Flavor 4: Continuous Deployment (a.k.a Continuous Delivery)

This practice is what makes it possible to ship all the latest changes with all their integration’s validations passed into an available target environment to make it available for QA and give quick feedback to the developers and stakeholders teams about what is happening with the development of the new features and having them ready for production.

In most cases, this practice will generate a “deployment artifact” before updating the target environment which allows us to track all changes and have a tagging system that will provide more tracking information for the results of applying this into the live applications.

This will also open the possibility to do quick rollback changes with less effort in case things get complicated with any update. This step is usually made in the CI tools as a final step along with helpful notifications about the deployment results.

Flavor 5: Automated Testing

This practice is about mastering the use of specialized testing tools that are able to do a complete automated workflow of testing for specific kinds of software, trace all the results, and give quick feedback to the developer and the QA engineers based on the results of the automated tests programmed through the tool. There are several kinds of automated testing tools for UIs, APIs, ETLs processes, ML applications, or any BackEnd software that can cover testing of all these kinds:

  • Unit
  • Component
  • Integration
  • End to end
  • Performance
  • Security
  • 508 Compliance

There are a lot of tools for many purposes around this practice, some popular names are Selenium, Locust, and EggPlant.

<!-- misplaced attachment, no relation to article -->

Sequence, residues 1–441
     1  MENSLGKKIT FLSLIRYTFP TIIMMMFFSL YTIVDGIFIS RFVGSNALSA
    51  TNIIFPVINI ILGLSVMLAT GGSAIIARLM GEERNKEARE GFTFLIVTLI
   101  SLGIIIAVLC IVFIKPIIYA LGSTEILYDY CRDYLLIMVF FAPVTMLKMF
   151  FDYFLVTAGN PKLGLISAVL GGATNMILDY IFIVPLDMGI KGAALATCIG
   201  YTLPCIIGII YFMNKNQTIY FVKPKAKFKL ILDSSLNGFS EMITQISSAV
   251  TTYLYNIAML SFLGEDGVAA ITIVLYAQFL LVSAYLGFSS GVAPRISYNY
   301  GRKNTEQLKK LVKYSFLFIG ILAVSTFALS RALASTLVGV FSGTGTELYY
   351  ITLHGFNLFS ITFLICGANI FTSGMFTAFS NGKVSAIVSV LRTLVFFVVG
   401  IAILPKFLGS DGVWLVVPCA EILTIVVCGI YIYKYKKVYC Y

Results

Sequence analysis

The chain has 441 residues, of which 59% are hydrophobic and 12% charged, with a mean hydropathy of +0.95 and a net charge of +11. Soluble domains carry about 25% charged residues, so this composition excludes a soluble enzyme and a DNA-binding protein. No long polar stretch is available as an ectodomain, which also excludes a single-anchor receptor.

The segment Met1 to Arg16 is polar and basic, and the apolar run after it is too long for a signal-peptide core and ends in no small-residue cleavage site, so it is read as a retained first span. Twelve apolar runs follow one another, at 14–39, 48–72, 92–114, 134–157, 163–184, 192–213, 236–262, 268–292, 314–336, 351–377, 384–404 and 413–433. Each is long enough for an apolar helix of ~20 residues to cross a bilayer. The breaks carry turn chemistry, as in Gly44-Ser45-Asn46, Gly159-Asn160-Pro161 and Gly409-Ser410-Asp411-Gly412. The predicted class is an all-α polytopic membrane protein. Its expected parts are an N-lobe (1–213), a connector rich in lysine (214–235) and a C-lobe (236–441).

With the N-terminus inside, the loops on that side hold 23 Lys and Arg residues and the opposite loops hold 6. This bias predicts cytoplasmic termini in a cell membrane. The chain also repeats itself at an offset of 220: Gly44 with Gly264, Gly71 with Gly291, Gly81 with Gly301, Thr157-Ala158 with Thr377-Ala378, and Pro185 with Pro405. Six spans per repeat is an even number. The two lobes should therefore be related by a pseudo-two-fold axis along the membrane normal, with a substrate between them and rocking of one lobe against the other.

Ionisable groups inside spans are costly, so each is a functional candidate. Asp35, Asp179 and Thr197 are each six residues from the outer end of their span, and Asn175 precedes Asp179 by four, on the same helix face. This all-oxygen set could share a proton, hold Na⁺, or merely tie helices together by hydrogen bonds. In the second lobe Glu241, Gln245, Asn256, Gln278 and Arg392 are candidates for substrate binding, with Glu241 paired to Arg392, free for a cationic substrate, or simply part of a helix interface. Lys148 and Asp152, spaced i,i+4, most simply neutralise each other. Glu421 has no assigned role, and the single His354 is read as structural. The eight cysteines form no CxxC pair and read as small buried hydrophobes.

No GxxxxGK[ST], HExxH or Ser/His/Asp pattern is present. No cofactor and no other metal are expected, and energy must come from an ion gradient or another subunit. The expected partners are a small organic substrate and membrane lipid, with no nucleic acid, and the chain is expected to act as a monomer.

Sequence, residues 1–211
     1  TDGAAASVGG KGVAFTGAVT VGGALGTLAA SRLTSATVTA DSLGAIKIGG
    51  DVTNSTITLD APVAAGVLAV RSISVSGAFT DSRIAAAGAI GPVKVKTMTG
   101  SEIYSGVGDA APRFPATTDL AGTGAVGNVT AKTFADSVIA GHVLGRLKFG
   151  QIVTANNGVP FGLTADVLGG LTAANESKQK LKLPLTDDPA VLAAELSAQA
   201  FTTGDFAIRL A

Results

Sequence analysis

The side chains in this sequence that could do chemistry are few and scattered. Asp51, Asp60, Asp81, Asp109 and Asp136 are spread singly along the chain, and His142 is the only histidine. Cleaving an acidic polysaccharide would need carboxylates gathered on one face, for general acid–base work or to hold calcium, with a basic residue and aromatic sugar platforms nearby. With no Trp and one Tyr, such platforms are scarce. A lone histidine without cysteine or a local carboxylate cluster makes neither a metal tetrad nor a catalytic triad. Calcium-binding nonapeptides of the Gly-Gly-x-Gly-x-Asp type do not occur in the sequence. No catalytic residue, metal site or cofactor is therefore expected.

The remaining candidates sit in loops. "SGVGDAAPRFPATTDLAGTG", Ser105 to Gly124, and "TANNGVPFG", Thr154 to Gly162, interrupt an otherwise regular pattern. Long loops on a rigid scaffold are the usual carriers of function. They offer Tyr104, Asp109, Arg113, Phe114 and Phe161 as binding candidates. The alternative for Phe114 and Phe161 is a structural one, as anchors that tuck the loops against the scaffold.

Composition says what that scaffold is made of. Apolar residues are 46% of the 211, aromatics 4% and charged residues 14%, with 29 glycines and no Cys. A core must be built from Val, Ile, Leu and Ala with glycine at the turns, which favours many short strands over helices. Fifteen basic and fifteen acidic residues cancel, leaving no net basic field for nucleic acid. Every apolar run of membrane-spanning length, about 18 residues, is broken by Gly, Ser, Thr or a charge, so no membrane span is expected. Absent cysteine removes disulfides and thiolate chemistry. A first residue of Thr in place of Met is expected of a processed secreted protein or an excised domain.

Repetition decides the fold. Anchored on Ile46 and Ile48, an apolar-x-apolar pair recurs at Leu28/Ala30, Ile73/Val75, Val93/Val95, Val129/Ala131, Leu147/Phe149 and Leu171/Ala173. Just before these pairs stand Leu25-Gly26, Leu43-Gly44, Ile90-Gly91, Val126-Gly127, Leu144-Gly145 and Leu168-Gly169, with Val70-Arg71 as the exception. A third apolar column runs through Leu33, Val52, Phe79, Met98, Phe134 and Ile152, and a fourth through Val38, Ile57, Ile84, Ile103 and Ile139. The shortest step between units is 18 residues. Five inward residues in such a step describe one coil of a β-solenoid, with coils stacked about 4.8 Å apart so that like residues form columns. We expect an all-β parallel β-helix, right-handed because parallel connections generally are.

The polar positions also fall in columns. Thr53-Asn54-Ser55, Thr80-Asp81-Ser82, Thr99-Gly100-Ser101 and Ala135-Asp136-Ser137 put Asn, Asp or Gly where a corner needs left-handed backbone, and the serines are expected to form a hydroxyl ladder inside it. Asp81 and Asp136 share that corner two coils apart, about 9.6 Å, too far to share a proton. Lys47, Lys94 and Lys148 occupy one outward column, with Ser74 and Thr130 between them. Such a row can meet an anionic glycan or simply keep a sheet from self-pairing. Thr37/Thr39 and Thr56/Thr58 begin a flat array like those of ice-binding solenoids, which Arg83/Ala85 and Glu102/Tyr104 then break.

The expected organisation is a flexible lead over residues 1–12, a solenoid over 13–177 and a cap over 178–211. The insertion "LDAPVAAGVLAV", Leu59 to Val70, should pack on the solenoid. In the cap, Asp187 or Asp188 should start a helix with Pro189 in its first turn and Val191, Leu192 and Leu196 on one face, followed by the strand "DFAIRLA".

Flavor 6: Continuous Monitoring

This is the angular stone of any stable system. When we talk about monitoring, we are talking about the measurement of all possible data or states across our applications and systems. We need to monitor at least the most critical scenarios in our infrastructure and services like database outages, application URLs not responding, bad HTTP response codes, non-expected
API response or anything that literally will make an application or system not work well.

Monitoring can cover anything from error logging, TCP ports not responding or any network related issue, evaluate patterns in API responses or SQL queries, and also predict some behaviors. If all the data is centralized and processed to generate helpful IA based monitoring systems (Forecasting) or dashboards that can help to evaluate patterns and some interesting behavior around a metric.

Combining all the health checks that can be done to any application or system with some alerting / communication tools like PagerDuty or Slack can make all the teams more proactive and being updated in real-time about the state of every monitored system, providing the capacity to troubleshoot as soon as possible if any emergency happens.
There are many cool and powerful monitoring tools. Some popular names are DataDog, Splunk, ELK, Big Panda, AWS CloudWatch, AWS EventBridge, Prometheus, Sumologic, and many others.